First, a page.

I am not one for coddling children, but the narrative that our kids bear some outsize responsibility for the spread of COVID is demonstrably false.
Since the pandemic began, kids and their activities have been an easy scapegoat: Don’t open the schools! Don’t let them trick-or-treat!
Blaming kids is easy but also unfair, and it’s always to their detriment.
Take as an example last week’s meeting of the Tarrant County Commissioners Court in Fort Worth, Texas, when county Judge Glen Whitley said that school, county and city youth athletic events should be suspended to fend off the latest surge of COVID-19 cases.
“A lot of (the surge in cases) is related to the opening back of schools,” he contended, and then pivoted to sports, naming association sports as well as high school athletics as the culprits.
“I believe very strongly that those are some of the areas that are causing the significant increase in spread,” Whitley said.
Sure, it’s possible.
But he provided no data to support his claim, other than his own anecdotes and experiences at said events, contributing to the palpable sense that his assertions like so many about COVID these days, were little more than guesses.
What’s happening now that wasn’t happening before? High school volleyball. Youth softball. That must be it.
When in reality, community spread is far more likely the result of cooler weather coaxing more people indoors, people reengaging in social activities and gatherings (who can blame them?) and general COVID fatigue.
(And since we’re using anecdotes, none of the people I know who have had COVID got it from school or from attending a youth sporting event.)
But why not blame kids?
I’m not picking on Whitley in particular.
It’s been the wont of many people since this all began to assume that kids would be incredible vectors of disease and destruction. I expected it too, since kids usually are. I know — I have three.
But for reasons that are nothing short of divine grace, kids are not only being spared from the worst of this illness, they are sparing others by not being significant sources of spread.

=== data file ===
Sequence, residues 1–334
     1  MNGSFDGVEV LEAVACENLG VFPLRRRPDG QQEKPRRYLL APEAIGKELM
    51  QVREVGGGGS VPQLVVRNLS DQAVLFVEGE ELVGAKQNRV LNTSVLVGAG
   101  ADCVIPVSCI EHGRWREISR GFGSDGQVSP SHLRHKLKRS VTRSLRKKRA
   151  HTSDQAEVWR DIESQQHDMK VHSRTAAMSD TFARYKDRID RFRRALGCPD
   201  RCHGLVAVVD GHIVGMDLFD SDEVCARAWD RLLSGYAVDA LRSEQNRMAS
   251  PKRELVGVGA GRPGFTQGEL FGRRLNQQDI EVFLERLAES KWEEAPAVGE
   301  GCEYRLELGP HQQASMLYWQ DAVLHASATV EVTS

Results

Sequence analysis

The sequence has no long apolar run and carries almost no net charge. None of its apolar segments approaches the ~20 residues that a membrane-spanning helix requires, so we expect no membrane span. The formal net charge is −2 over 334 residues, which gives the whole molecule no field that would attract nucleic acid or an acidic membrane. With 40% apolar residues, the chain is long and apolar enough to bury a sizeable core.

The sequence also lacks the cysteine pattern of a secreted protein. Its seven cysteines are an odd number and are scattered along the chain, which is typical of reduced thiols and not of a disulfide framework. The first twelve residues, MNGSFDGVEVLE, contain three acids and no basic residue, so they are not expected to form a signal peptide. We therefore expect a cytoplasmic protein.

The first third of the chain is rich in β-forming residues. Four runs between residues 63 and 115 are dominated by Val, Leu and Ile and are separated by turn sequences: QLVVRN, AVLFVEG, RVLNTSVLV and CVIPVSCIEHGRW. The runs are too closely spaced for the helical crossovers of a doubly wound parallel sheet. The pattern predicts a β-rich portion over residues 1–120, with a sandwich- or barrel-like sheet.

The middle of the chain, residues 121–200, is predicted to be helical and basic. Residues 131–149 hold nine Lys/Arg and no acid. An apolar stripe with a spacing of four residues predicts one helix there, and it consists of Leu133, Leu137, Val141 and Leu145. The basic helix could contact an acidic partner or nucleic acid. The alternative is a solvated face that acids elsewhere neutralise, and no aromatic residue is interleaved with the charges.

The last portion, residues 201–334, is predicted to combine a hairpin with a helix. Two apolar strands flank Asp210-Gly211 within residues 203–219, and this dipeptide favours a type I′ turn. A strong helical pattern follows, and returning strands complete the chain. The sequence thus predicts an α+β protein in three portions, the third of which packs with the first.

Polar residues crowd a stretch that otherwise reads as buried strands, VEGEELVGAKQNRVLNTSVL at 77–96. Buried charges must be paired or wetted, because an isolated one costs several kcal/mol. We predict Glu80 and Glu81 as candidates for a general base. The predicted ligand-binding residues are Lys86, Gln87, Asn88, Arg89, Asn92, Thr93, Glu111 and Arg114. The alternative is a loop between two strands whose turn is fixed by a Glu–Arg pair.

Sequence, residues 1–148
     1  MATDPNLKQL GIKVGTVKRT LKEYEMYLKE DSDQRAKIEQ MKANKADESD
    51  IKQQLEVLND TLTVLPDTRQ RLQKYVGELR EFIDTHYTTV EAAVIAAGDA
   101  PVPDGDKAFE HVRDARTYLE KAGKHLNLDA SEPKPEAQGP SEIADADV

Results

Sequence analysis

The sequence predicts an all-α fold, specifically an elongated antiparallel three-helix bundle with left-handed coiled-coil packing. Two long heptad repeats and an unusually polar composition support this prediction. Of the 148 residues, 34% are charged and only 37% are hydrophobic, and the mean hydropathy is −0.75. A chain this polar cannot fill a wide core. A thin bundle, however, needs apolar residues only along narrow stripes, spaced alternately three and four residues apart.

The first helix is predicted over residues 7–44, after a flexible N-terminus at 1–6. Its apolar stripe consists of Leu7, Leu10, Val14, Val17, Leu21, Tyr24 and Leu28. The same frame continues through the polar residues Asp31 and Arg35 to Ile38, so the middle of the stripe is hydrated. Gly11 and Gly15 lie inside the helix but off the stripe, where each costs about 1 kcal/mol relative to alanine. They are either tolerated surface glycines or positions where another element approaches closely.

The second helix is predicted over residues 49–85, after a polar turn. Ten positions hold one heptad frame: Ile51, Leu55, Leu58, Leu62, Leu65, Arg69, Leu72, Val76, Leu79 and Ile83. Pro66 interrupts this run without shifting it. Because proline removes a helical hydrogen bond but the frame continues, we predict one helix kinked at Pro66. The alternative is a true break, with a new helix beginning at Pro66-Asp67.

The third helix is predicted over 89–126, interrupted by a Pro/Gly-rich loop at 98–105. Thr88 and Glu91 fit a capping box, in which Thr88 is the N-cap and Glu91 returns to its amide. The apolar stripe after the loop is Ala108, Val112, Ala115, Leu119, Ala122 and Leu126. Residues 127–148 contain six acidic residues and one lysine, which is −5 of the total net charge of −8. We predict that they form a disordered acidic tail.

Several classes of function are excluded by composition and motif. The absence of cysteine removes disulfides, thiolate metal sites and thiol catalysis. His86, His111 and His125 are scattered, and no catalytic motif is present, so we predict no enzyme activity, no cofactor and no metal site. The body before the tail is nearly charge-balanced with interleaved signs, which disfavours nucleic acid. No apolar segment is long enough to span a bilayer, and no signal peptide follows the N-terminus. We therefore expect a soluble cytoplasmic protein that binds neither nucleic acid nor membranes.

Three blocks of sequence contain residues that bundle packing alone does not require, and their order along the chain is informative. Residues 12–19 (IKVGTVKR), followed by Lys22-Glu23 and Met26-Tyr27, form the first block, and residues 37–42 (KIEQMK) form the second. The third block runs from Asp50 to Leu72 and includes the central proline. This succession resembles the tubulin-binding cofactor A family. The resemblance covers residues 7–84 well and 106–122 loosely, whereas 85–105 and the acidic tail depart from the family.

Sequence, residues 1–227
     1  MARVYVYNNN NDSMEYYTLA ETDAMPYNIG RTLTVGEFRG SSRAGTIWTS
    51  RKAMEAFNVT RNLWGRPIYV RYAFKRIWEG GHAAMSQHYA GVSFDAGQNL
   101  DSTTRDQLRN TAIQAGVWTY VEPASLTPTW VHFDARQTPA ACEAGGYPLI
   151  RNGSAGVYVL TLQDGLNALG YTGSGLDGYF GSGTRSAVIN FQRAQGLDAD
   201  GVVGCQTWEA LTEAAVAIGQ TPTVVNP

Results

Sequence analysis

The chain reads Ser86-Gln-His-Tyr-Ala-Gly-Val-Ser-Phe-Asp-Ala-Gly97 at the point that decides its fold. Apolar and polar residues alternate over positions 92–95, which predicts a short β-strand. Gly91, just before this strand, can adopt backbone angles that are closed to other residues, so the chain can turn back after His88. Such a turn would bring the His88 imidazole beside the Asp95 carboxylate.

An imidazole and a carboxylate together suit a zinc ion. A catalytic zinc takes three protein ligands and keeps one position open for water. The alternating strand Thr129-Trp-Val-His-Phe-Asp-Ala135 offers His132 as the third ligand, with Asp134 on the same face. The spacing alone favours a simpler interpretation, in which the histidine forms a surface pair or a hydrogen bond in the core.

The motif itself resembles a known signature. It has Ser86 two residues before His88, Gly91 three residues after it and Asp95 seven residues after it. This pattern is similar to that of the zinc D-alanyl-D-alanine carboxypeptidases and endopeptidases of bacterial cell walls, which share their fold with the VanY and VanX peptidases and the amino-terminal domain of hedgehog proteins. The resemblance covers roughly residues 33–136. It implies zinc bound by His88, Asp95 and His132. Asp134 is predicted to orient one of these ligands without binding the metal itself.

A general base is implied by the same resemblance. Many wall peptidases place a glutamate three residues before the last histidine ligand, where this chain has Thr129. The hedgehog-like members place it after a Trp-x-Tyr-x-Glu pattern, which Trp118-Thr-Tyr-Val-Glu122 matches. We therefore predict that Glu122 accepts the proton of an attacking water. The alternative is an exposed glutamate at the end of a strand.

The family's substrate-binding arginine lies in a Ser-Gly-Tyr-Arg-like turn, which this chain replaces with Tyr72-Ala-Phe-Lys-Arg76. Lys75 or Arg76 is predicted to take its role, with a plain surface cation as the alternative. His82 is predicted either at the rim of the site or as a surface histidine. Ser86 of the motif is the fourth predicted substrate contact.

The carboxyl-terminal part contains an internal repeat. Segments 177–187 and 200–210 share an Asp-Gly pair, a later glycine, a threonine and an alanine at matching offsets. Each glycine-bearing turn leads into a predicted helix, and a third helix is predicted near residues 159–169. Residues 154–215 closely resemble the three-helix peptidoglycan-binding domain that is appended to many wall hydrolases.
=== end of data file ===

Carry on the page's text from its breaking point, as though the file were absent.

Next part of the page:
This is especially true for very young children who are far more likely to get COVID from an adult than give it to an adult or even another child. As it stands, only 8% of cases in Tarrant County are among children 15 and under.
Research indicates that the incidence of disease increases with age; teenagers are more likely to get COVID and potentially spread it than elementary-aged kids.
But local data suggests that even older kids are probably not the driving force behind the surge. The next age cohort, 15-24, accounts for 19% of cases in Tarrant, but it’s not an outrageous assumption that the caseload among that group is heavily concentrated among those 18 and older, based on national/CDC reports that show cases have increased dramatically among people in their 20s.
There are plenty of local schools that have not reported a single case of COVID. There are schools that have reported a surprising number of cases among virtual learners. And yes, there are schools where outbreaks have occurred.
As recently as this week, multiple districts in Tarrant County closed individual schools not due to case counts but to exposures that have forced scores of students and teachers to quarantine.
If the experiences of other schools hold true, most of those quarantined will never develop COVID — at least not as a result from their “exposure” at school.
In fairness, Whitley did remark that he believes much of the problem with youth sports is the fans, namely parents, in the stands or on the field, who he says he has personally witnessed not wearing masks or social distancing.
If you believe his contention that youth athletics are driving the spread, then this seems far more likely to be the reason why. But that same problem would apply to all manner of events and activities — college football, professional sports, parties — you name it.
And it would not be the fault of the kids.
So why do we keep punishing them?
(Cynthia M. Allen is a columnist for the Fort Worth Star-Telegram.)